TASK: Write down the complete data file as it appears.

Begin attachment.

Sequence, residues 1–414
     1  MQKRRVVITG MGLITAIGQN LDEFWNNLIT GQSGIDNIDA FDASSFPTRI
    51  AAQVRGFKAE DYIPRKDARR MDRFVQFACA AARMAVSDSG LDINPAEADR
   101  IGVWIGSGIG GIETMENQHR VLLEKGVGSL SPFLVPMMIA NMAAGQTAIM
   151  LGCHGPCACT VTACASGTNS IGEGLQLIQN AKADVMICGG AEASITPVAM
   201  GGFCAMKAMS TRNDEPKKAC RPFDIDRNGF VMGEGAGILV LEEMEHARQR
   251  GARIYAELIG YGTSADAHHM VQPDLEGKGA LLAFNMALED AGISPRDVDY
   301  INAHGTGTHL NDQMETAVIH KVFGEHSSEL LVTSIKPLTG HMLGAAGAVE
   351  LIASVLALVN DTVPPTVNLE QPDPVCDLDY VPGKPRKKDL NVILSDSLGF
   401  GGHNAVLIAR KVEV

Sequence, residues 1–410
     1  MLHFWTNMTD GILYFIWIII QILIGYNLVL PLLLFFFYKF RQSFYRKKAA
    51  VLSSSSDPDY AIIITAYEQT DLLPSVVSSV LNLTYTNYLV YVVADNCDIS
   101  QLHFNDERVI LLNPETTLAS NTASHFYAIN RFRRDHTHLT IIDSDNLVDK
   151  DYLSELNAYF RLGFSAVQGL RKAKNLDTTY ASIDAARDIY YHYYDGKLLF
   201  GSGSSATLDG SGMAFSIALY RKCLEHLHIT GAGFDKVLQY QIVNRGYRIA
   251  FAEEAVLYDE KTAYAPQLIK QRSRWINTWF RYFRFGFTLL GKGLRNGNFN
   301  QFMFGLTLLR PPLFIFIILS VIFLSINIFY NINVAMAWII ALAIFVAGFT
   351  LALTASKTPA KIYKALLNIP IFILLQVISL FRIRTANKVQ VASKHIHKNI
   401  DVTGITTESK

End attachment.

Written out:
Sequence, residues 1–414
     1  MQKRRVVITG MGLITAIGQN LDEFWNNLIT GQSGIDNIDA FDASSFPTRI
    51  AAQVRGFKAE DYIPRKDARR MDRFVQFACA AARMAVSDSG LDINPAEADR
   101  IGVWIGSGIG GIETMENQHR VLLEKGVGSL SPFLVPMMIA NMAAGQTAIM
   151  LGCHGPCACT VTACASGTNS IGEGLQLIQN AKADVMICGG AEASITPVAM
   201  GGFCAMKAMS TRNDEPKKAC RPFDIDRNGF VMGEGAGILV LEEMEHARQR
   251  GARIYAELIG YGTSADAHHM VQPDLEGKGA LLAFNMALED AGISPRDVDY
   301  INAHGTGTHL NDQMETAVIH KVFGEHSSEL LVTSIKPLTG HMLGAAGAVE
   351  LIASVLALVN DTVPPTVNLE QPDPVCDLDY VPGKPRKKDL NVILSDSLGF
   401  GGHNAVLIAR KVEV

Sequence, residues 1–410
     1  MLHFWTNMTD GILYFIWIII QILIGYNLVL PLLLFFFYKF RQSFYRKKAA
    51  VLSSSSDPDY AIIITAYEQT DLLPSVVSSV LNLTYTNYLV YVVADNCDIS
   101  QLHFNDERVI LLNPETTLAS NTASHFYAIN RFRRDHTHLT IIDSDNLVDK
   151  DYLSELNAYF RLGFSAVQGL RKAKNLDTTY ASIDAARDIY YHYYDGKLLF
   201  GSGSSATLDG SGMAFSIALY RKCLEHLHIT GAGFDKVLQY QIVNRGYRIA
   251  FAEEAVLYDE KTAYAPQLIK QRSRWINTWF RYFRFGFTLL GKGLRNGNFN
   301  QFMFGLTLLR PPLFIFIILS VIFLSINIFY NINVAMAWII ALAIFVAGFT
   351  LALTASKTPA KIYKALLNIP IFILLQVISL FRIRTANKVQ VASKHIHKNI
   401  DVTGITTESK